Inverter batteries are vital to the performance of an inverter power system. An inverter must run on more than 1 battery because the power used by the inverter to provide power needs, is drawn from a set of batteries. As the main job of an inverter, is to convert DC stored in the inverter battery to AC used to power electrical appliances.
Battery Bank: It is important to note that the battery bank an inverter requires depends on the capacity of the inverter; this is also related to the load capacity intended for the inverter, including the expected backup duration to carry that load.
Batteries have to meet the demands of unsteady grid power, heavy cycling (charging and discharging) and irregular full recharging. There’s a range of battery types fitted for these sole requirements
Lead- Acid batteries
- Flooded lead acid batteries (Wet Cell Batteries) have detachable vents that must be removed to check precise gravity of acid with a hydrometer and add distilled water on a regular schedule. As it is not sealed, it is designed to output the hydrogen and oxygen gas that is formed during its charging process.
- Sealed lead acid batteries are usually available as either Advanced Glass Matt or Gel. An AGM battery has the electrolyte in a spongy mat while the Gel battery has a thicker gel that keeps itself distributed within the battery. Sealed lead acid battery is an excellent choice for battery backup systems. Sealed lead acid battery is a safer option than flooded battery as it is sealed and won’t spill; it requires no monthly maintenance, just occasional inspection to ensure it is in good shape. Deep cycle, lead-acid batteries have been widely used for renewable energy and constantly used in off-grid applications globally for decades.
Lithium-ion batteries are the most familiar storage technology, regardless of the application. There are 3 types of lithium batteries; pouches used for smartphones and tablets, cylindrical used for power tools and prismatic (comes in different shapes) – LFP (lithium iron phosphate used for solar energy storage application.
Flow batteries are rechargeable batteries where rechargeability is supplied by two chemical components dissolved in liquids contained within the system and are generally separated by a membrane. One of the key benefits of flow batteries is that they can be charged almost instantly by replacing the electrolyte liquid while improving the spent materials for re-energization.Various classes of flow batteries have been developed, including redox and hybrid. The basic difference between conventional batteries and flow batteries is that energy is stored as the electrode material in conventional batteries but as electrolyte in flow batteries.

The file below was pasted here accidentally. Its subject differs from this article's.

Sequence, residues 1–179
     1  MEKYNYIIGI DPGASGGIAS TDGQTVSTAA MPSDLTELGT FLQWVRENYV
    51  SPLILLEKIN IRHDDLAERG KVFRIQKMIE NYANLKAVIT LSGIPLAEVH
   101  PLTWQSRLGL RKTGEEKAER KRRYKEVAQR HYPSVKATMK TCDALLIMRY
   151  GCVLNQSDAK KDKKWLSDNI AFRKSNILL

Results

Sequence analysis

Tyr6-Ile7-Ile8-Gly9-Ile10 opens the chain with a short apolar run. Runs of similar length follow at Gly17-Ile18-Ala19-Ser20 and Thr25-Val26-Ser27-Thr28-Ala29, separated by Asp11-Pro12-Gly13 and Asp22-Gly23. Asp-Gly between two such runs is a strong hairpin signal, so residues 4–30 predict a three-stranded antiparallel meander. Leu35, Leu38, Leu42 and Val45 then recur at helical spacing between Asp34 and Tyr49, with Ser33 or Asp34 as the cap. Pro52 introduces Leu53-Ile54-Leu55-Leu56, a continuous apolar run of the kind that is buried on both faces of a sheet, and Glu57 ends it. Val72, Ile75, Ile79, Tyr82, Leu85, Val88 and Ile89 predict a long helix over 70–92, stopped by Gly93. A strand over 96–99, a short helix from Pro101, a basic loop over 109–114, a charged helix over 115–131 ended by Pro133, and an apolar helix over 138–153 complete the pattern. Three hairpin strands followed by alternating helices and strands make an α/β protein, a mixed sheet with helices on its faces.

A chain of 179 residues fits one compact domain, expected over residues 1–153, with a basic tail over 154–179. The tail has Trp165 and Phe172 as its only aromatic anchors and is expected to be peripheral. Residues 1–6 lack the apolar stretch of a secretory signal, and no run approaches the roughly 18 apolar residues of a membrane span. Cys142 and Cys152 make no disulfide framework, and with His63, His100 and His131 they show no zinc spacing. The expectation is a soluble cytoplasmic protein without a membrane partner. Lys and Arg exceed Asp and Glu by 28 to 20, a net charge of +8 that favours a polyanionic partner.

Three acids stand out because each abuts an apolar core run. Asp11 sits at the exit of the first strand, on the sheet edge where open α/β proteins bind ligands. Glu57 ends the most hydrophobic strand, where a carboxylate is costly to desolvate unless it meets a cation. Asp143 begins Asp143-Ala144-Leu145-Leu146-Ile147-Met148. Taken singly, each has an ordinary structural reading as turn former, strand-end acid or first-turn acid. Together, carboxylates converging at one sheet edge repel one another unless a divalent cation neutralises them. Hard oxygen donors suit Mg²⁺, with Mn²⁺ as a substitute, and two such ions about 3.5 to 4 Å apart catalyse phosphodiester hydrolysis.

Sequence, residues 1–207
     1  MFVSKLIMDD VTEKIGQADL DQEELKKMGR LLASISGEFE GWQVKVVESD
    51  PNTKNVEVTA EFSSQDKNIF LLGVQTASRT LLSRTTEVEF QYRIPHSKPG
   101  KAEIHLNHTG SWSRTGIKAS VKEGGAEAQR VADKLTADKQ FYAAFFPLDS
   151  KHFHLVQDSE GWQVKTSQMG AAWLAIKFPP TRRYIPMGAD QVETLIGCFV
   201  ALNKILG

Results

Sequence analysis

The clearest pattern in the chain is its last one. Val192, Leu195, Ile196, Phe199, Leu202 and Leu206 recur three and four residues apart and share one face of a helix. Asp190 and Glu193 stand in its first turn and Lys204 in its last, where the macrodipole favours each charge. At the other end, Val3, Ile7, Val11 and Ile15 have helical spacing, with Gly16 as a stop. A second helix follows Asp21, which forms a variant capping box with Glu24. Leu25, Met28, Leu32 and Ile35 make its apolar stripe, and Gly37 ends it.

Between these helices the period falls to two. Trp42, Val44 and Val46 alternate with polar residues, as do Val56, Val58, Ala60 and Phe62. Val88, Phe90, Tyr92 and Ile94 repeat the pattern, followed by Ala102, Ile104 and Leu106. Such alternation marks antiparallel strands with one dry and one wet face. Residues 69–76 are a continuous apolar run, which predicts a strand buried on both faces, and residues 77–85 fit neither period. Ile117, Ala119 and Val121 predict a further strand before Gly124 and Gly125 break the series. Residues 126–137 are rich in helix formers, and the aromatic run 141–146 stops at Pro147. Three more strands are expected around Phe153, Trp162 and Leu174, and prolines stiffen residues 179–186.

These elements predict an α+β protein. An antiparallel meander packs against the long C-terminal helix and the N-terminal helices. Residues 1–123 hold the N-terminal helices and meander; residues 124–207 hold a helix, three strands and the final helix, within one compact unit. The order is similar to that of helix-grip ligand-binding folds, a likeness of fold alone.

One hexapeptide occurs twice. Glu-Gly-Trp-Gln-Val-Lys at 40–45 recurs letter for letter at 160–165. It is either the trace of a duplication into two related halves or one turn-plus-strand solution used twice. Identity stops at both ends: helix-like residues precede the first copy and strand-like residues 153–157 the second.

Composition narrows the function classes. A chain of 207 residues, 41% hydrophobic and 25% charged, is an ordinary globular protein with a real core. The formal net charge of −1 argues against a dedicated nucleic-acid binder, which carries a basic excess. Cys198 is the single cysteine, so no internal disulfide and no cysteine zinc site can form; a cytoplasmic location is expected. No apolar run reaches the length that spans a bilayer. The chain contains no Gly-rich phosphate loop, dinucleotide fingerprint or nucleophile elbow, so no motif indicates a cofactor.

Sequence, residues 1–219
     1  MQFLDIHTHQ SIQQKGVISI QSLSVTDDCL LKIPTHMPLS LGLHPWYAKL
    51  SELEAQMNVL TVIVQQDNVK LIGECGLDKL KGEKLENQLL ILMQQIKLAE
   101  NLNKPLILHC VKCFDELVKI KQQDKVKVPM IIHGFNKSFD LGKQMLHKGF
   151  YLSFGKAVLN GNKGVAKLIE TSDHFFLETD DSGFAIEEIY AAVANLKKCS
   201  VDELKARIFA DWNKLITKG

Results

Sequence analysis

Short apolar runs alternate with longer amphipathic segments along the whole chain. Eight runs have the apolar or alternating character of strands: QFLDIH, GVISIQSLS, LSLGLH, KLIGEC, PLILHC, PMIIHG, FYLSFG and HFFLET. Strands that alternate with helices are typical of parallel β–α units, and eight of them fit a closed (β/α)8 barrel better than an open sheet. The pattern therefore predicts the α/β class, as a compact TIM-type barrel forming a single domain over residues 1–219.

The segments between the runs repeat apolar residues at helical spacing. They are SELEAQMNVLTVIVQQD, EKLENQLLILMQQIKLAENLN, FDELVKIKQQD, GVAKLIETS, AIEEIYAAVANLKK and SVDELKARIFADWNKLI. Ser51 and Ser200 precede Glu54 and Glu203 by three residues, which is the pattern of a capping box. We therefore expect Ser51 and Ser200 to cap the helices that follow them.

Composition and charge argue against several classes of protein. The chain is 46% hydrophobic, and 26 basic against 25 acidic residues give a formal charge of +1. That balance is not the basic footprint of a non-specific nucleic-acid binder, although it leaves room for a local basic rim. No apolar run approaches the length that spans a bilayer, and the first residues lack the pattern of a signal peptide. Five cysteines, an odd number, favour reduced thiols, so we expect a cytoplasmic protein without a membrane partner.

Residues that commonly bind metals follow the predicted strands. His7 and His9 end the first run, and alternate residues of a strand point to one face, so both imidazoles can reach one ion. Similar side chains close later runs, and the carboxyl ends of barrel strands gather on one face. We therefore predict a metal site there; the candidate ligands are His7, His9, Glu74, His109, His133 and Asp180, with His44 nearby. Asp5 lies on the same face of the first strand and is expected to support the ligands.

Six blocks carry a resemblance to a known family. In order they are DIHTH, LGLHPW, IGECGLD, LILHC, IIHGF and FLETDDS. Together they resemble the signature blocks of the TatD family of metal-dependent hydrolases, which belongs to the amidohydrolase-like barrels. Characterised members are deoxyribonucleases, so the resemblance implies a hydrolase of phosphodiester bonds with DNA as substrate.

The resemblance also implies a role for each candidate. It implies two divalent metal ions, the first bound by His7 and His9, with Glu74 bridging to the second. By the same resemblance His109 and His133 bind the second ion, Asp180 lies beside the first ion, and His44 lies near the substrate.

Before choosing a battery, you should consider
- Lead-Acid; Cost about half as much as a lithium-ion
- Lithium-ion; are more expensive; part of this cost comes from needing a battery management system to monitor the voltage and temperature of each cell to prevent excessive charging and discharging
- Flow; Cheaper but the complexity of flow battery chemistry often requires ancillary equipment such as pumps, sensors, control units and secondary containment vessels. This infrastructure takes up appreciable installation space.
- Lead-Acid; AGM batteries are primarily built for dual-purpose or standby applications like emergency backup. The new deep-cycle AGM designs have increased performance and total energy output making them a good choice for renewable energy applications at a lower price point than gel batteries.
- Lithium-ion; Delivers more cycles in their lifetime than lead-acid. Provides for solar application high charge and discharge efficiencies, which help harvest, more energy. Loses less capacity when idle, which is useful in solar installations where energy is only used occasionally
- Flow; has no cycling limitations. Batteries can be charged and discharged completely without impact on their lifespan.
Replacement and Maintenance
- Lead-acid; flooded (wet) lead-acid batteries have to be refilled regularly because the electrolyte that fully submerges the battery plates evaporates during charging. The battery enclosure needs ventilation to keep hydrogen gas from accumulating to dangerous levels.
- AGM and gel technologies are recombinant, meaning they internally convert hydrogen and oxygen into water and do not require maintenance and can operate over long periods without maintenance
- Lithium-ion; Can be lighter and more self contained than lead-acid batteries; easier to install and change out. Can be wall-mounted and located indoors or outdoors; they are solid, so don’t require refills or maintenance.
- Flow; Electrolyte doesn’t degrade over time, so they can last much longer than other technologies. You can increase battery size by simply adding more electrolytes.
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